The Fire Service and the Big ‘C’

Here is this quarter’s pop quiz. Aside from heart disease, which can have a number of underlying precipitating factors, what is the deadliest disease in the United States? The answer is malignant neoplasms. What are those? We often refer to them as cancer or as some call it, the big “C.” Cancer is a disease in which abnormal cells divide uncontrollably and destroy body tissue. The biggest cause of malignant neoplasms (or cancer) is DNA damage. Believe it or not, our body experiences tens of thousands of new DNA damages per human cell, per day. That is why we come wired with DNA repair genes, but even these can become damaged by diet related agents or exogenous agents, such as smoke, radiation, metals, viruses and other genotoxins. For firefighters like us, we are perhaps also wired to consider only that which will immediately harm us. We run into a burning building, hit the fire, and emerge unscathed without a thought of what might hurt us 30 years from now, tomorrow, or even five minutes into the future. In the fire service, we are used to dealing with acute risks and not so good at dealing with chronic risks.


If you are reading this and do not know anyone that has had cancer or lost a loved one to cancer, you should consider yourself extremely lucky.

One of the jobs I held when I was younger was pumping gas and cleaning vehicle windows at a full-service gas station. No one ever told me that the fumes I was breathing were harmful. It was assumed I would never inhale enough gasoline fumes to pass out and die. Therefore, we disregarded the acute risks of gasoline fumes. However, we know that gasoline fumes are a chronic hazard. Repeated exposure to even small doses over a long period of time can cause DNA damage and ultimately lead to cancer. While we often discuss the fuel packages we encounter in today’s structure fires in terms of heat release rates, we have only recently begun to talk about their potential to produce cancer-causing smoke. Gone are the days of our natural fuel packages made of wood and cotton. Today, our polyurethane, polyethylene, etc. materials not only produce high heat release rates — which is our acute risk and are often occurring inside energy efficient construction designed to prevent temperature exchanges with the outside environment — but they also produce very nasty byproducts of combustion including carbon monoxide, hydrogen cyanide, Sulphur dioxide, nitrogen dioxide and hydrocarbons. These are the chronic risks that we are just beginning to pay attention.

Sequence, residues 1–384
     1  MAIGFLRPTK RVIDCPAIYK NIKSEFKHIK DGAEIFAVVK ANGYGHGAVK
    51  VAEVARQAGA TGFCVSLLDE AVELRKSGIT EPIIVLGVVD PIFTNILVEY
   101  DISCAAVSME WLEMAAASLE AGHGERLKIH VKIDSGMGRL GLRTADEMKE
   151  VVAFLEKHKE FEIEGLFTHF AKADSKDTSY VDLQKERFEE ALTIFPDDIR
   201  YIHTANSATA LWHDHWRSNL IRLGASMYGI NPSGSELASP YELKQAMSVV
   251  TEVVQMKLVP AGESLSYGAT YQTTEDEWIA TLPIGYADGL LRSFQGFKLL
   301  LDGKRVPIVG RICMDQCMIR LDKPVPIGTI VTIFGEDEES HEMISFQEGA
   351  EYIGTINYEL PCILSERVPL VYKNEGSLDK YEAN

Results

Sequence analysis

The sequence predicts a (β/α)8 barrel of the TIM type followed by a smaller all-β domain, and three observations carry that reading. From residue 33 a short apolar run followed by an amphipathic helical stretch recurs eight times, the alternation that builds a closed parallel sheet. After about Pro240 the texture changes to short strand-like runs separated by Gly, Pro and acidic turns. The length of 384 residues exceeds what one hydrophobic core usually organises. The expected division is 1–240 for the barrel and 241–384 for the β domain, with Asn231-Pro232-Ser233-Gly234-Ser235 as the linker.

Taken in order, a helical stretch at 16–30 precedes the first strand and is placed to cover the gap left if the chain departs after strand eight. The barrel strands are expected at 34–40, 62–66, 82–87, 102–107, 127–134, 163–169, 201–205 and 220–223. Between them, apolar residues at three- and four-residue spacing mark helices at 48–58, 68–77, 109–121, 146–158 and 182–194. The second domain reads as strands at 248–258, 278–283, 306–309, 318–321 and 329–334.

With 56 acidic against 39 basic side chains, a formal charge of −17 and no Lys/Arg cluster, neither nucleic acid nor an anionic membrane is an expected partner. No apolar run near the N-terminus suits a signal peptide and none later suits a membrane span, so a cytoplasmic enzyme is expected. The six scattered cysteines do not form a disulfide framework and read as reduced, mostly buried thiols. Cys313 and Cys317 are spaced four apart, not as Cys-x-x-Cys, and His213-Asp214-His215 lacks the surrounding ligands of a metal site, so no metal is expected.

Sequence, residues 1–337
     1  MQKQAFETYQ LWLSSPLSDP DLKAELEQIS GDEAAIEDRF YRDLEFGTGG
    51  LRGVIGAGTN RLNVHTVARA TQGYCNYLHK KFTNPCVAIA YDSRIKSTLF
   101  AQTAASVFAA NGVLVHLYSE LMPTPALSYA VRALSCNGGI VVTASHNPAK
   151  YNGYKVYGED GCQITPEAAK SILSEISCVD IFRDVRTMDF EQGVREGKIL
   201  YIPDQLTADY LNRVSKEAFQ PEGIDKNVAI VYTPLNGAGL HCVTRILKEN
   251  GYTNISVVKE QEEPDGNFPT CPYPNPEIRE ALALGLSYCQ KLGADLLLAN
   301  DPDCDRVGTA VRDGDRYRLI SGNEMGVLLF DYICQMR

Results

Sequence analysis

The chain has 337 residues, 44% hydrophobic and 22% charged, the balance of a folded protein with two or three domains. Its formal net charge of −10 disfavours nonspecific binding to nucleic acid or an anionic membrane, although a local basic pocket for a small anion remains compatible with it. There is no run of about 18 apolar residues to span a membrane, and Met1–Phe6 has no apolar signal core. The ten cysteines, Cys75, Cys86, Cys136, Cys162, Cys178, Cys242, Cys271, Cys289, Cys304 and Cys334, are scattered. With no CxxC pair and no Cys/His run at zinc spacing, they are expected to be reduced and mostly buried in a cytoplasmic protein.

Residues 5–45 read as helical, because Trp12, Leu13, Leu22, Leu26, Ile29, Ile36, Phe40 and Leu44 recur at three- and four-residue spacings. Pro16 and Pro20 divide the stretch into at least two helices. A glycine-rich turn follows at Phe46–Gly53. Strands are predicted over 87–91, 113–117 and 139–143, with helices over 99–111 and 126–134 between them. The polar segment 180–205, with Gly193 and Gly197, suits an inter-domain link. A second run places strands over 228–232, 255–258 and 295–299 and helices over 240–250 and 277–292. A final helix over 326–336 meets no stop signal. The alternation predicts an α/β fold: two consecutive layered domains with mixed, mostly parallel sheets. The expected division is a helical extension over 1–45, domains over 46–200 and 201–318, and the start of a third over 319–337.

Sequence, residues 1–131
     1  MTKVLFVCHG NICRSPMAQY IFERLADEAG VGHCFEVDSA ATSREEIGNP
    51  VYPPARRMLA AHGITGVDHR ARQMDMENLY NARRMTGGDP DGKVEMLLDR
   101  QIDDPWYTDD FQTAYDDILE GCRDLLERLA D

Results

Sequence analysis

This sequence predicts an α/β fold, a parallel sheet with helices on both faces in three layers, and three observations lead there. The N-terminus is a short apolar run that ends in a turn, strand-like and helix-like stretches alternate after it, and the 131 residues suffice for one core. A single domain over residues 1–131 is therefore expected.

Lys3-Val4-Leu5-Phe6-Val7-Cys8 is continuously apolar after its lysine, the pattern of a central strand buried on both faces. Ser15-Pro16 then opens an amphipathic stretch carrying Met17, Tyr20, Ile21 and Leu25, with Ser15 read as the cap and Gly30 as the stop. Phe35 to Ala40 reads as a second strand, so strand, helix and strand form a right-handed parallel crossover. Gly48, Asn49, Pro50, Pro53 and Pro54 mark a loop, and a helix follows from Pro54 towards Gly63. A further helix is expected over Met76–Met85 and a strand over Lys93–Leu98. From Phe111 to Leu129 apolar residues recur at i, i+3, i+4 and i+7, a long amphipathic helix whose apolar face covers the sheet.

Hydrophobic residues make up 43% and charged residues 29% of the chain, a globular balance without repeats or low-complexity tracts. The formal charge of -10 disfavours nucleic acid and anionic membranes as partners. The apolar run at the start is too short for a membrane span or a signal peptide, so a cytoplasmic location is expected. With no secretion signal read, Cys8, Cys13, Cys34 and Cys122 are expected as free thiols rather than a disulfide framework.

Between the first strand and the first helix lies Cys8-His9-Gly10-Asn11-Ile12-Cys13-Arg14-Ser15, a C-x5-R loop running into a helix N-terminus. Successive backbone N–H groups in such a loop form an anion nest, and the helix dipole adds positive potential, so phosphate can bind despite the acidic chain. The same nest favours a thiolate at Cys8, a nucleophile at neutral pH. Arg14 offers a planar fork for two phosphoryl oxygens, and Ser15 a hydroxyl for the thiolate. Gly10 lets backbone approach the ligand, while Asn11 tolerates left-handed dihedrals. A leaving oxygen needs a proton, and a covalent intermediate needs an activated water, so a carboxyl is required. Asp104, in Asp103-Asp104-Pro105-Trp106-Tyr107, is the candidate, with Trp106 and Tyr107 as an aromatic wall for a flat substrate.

If you are reading this and do not know anyone that has had cancer or lost a loved one to cancer, you should consider yourself extremely lucky. How do we operate in the presence of these materials? First, we need to recognize that structure fires — and car fires and trash fires — which produce these chronic risks, are becoming high hazard, low frequency events for us in the fire service. My department ran 9,000 calls last year and only 113 of those were structure fires, which is 1.3 percent. The Fire Department of New York (FDNY), the largest and busiest fire department in the U.S. ran 2,015,084 calls last year and only 26,491 of those were structure fires. Do the math on that and you will find it comes out to 1.3 percent. So, since we are only spending a little more than one percent of our time on these calls, perhaps we need to start thinking of them as hazardous materials incidents. In fact, many of us are currently using air monitors at structure fires to determine the presence of carbon monoxide and/or hydrogen cyanide. Here is the problem with that. You could be giving your crews a false sense of security unless you are also monitoring for Sulphur dioxide, nitrogen dioxide, hydrocarbons, etc.